Emefiele said that the National Theater was expected to serve as the initial pilot for the Nigeria creative industry centre, adding that when the renovation of the facility was to be completed in the next 18 months, it would have been transformed into Nigeria’s creative industrial centre that will be comparable to other world class entertainment and convention centers in any part of the world.
He said: “The creative center, which comprises music, movies, fashion and ICT can be a key source of growth for our economy creating up to one million jobs for our teaming youths. It will also aid our objective of reducing our dependence on revenues from crude oil. India for example in 2018, generated over $240 billion from exports of IT, movies, music and fashion related goods and services.
“This amount is over five times our annual earnings from the sale of crude oil. With our human capital resources and an enabling environment that will help harness the creative talents of our youths, Nigeria has the potential to earn over $20 billion annually from the creative industry.”
He further stated: “Our goal for the National Theatre, is to create an environment where startups and existing businesses are rewarded for their creativity. The National Theatre when fully renovated will be able to support skills acquisition and job creation for over 1 million Nigerians over the next five years.
These Nigerians will be empowered with funds at single digits interest rate, high level training using state-of-the-art tools, and networks that will enable them to turn their ideas into a reality.”
The CBN boss disclosed that when the renovation work at the National Theatre was completed, along with the construction of supporting facilities that will be built around it, including a hotel and an expansive conference centre, the Bankers’ Committee plans to build similar creative industry centres in Kano, Port Harcourt or Enugu.
CBN’s N75bn Nigerian Youth Investment Fund (NYIF)
But it is not only the bankers’ Committee that the CBN has been collaborating with to tackle youth unemployment. For instance, on July 20, the apex bank coordinated with the fiscal authorities, especially, the Federal Ministry of Youth and Sports Development (FMYSD), to introduce a N75 billion Nigerian Youth Investment Fund (NYIF), which is designed to improve access to finance for youth and youth-owned enterprises for national development. According to the CBN, the fund is primarily targeted at financially empowering Nigeria youth to generate at least 500,000 jobs in the country between 2020 and 2023. Eligible businesses under the programme, the banking watchdog said, are technology/ innovation; agriculture and related value chain; green economy and renewable energy sector; logistics and supply chain; manufacturing; hospitality/ tourism and construction. Others are creative sector, healthcare value chain, trading and services and as well as any other activity determined by the CBN itself and the FMYSD. The CBN further said that the global limit for loans under the fund was 12.5 billion, with a moratorium of up to 12 months, while the loan tenor and interest rate is a maximum of five years and five per cent per annum respectively. Shedding light on the NYIF at the inauguration of applications for the scheme recently, the Minister of Youth and Sports Development, Mr. Sunday Dare, explained that the Federal Executive Council on July 22, 2020 approved the NYIF to the tune of N75billion spread over three years to cater to youth owned businesses and investment needs, adding that the CBN, in line with the Federal Government’s directive, provided the initial N12.5billion required for the fund to operate in the remainder of 2020. Youths applying as individuals or non-registered businesses would be able to draw up to N250,000, while youth owned registered businesses could apply for up to N3million, he said. He noted that the NISRAL Microfinance Bank was selected as disbursement agency, given its reach and spread, which ensures that youths across the country had access to apply for the fund.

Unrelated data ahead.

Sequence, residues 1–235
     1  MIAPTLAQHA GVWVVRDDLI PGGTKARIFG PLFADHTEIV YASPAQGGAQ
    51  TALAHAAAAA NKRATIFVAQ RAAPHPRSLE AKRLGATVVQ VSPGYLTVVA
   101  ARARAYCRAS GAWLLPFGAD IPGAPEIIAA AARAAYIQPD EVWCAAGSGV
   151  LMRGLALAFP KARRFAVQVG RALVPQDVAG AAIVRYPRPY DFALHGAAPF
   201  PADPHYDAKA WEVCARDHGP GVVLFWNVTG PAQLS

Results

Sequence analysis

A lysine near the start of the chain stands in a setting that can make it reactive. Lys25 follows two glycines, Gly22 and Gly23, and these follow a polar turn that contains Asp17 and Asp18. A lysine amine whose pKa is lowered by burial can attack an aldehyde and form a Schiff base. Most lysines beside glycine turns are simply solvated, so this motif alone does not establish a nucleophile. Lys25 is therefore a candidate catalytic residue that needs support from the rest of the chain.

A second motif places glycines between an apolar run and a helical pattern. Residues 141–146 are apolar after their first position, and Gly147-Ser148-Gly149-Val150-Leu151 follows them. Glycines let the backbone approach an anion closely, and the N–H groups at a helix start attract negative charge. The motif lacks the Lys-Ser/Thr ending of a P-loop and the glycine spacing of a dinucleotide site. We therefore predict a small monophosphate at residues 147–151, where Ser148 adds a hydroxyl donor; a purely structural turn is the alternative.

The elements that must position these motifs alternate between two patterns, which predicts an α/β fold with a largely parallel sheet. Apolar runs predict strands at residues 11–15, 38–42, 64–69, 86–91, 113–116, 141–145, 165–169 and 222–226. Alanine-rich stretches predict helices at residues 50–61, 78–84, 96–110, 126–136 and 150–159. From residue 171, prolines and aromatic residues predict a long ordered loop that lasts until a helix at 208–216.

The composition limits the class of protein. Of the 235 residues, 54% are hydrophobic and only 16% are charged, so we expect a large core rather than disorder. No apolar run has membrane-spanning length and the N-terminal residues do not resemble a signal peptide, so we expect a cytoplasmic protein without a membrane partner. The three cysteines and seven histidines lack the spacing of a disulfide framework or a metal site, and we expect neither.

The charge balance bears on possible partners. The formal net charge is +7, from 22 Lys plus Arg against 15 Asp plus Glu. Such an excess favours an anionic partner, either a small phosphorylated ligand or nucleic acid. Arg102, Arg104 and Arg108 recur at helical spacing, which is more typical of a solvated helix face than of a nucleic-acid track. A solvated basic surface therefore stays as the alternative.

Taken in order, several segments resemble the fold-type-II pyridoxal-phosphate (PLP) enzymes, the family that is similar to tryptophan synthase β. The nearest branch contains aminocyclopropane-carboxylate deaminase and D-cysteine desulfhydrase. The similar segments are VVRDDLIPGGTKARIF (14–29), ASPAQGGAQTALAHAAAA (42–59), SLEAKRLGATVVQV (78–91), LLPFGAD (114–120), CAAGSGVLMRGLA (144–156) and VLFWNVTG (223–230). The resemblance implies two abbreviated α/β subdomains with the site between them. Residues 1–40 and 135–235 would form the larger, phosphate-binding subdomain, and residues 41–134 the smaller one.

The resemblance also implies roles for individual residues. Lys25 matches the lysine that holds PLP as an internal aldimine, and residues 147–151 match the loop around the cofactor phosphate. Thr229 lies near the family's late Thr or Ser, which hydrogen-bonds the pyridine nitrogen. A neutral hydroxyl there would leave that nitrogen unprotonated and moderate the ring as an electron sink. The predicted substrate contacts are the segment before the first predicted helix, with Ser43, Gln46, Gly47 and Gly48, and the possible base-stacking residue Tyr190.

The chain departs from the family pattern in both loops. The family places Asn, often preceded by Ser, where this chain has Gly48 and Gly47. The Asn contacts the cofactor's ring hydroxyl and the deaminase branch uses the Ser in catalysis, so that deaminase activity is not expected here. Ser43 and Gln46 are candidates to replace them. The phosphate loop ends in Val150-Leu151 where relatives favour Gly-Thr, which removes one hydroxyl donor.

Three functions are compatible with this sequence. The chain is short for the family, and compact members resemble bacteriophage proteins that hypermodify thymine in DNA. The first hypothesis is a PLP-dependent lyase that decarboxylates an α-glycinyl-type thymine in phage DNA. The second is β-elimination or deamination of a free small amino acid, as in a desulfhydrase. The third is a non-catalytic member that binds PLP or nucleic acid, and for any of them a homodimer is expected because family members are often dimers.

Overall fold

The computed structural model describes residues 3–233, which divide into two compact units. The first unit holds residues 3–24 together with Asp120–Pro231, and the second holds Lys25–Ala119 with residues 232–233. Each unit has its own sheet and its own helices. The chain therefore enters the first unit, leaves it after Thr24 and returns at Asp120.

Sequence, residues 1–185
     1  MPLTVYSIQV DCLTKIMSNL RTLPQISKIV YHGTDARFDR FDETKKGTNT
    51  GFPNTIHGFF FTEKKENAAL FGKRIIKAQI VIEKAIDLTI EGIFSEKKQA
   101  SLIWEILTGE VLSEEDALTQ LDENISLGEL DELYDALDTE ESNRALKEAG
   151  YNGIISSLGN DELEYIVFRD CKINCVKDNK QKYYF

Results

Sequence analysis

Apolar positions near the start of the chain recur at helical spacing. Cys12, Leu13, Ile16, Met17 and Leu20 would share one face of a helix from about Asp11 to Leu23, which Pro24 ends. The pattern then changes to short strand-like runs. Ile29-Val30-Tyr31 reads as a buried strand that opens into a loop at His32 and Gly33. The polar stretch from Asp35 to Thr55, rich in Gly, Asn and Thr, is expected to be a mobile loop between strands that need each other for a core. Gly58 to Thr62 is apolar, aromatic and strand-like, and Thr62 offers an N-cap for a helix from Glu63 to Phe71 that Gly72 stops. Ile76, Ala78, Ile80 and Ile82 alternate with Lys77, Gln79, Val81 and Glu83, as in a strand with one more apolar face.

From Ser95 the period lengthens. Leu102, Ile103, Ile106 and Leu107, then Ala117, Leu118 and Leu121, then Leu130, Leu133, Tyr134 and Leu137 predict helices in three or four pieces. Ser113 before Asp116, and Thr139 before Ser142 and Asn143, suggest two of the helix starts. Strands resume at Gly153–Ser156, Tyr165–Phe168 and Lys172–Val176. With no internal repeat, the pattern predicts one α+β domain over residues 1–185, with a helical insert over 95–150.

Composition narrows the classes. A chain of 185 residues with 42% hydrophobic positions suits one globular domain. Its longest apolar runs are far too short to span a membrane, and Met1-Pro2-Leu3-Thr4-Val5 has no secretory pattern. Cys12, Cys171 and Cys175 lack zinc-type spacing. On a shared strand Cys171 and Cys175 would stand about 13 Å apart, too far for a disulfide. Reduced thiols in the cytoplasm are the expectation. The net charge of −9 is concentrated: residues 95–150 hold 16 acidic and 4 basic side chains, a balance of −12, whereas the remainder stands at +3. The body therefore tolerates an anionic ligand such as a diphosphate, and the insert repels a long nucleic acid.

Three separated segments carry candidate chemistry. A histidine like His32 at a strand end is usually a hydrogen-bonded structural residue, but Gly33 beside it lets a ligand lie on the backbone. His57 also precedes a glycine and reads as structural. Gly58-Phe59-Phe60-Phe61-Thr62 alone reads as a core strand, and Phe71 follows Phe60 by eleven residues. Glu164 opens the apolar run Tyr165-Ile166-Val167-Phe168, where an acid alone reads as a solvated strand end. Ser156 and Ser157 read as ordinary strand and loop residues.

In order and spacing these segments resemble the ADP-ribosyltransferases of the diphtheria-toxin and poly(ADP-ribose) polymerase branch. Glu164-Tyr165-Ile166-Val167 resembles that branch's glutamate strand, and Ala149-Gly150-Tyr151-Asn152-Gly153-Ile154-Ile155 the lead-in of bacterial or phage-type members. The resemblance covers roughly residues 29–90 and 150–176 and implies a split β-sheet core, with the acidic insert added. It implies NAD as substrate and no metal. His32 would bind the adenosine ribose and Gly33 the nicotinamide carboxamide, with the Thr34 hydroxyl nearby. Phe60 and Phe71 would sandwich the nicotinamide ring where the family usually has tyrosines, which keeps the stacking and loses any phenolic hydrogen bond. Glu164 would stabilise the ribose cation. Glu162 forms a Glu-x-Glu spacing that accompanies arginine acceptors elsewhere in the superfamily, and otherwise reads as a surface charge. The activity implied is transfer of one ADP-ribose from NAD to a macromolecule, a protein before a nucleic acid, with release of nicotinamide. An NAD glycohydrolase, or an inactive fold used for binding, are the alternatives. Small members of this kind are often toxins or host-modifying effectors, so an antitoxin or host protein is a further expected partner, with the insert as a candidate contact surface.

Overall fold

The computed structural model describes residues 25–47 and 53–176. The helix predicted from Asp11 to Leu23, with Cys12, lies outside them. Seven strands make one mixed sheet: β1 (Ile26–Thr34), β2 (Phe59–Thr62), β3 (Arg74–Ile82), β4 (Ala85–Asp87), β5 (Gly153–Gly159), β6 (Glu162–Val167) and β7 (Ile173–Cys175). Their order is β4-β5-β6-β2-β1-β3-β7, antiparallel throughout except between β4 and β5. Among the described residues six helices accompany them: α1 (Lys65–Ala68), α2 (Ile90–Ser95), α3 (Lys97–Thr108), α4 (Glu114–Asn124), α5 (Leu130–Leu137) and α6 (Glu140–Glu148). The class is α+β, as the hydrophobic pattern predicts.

Although critics in some quarters might argue that the CBN’s efforts to boost youth employment do not seem to be significantly reducing the problem at the moment, the consensus among analysts at the weekend was that a lot of idle youths would certainly be taken off the streets when reconstruction works at the National Theatre, for instance, are completed.